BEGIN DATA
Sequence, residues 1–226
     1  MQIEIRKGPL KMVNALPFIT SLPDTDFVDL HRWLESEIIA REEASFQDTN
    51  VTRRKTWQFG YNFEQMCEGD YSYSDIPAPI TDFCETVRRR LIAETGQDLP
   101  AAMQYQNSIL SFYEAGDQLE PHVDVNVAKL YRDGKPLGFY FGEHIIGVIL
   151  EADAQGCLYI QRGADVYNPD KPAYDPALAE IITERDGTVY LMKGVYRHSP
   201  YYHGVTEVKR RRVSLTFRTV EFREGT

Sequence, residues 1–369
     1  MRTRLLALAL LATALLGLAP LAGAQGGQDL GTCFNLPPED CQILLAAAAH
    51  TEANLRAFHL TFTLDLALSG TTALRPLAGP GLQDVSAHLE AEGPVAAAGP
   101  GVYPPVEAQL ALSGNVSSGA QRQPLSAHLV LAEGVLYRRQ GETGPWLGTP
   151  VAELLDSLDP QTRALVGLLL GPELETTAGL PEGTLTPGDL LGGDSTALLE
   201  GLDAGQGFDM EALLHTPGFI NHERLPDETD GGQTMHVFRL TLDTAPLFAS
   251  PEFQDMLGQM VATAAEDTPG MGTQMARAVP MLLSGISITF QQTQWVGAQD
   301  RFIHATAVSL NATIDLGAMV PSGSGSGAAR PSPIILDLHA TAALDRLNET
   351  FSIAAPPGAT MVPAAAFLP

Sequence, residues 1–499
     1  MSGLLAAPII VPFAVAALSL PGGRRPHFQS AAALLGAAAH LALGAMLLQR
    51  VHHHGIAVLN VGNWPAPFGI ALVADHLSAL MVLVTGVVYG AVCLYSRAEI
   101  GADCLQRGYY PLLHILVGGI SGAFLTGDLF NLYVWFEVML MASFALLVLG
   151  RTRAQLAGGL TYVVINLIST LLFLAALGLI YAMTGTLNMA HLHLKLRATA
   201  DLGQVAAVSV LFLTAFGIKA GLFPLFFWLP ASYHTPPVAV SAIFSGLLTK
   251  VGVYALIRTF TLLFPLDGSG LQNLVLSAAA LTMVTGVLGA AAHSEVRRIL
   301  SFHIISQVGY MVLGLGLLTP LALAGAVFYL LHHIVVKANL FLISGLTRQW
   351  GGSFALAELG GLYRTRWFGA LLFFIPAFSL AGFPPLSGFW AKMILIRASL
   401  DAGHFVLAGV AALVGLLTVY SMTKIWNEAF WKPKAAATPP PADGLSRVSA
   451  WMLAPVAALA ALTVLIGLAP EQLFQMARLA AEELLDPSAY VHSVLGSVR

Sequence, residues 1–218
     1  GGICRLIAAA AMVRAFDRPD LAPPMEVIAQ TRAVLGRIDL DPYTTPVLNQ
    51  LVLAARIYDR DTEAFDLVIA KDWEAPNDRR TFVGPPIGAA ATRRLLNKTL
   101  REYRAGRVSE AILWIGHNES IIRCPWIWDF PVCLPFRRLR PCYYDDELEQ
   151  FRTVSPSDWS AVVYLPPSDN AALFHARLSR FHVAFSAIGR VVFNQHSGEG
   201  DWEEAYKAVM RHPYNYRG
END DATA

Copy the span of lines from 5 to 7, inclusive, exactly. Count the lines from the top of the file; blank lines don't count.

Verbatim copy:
   151  EADAQGCLYI QRGADVYNPD KPAYDPALAE IITERDGTVY LMKGVYRHSP
   201  YYHGVTEVKR RRVSLTFRTV EFREGT

Sequence, residues 1–369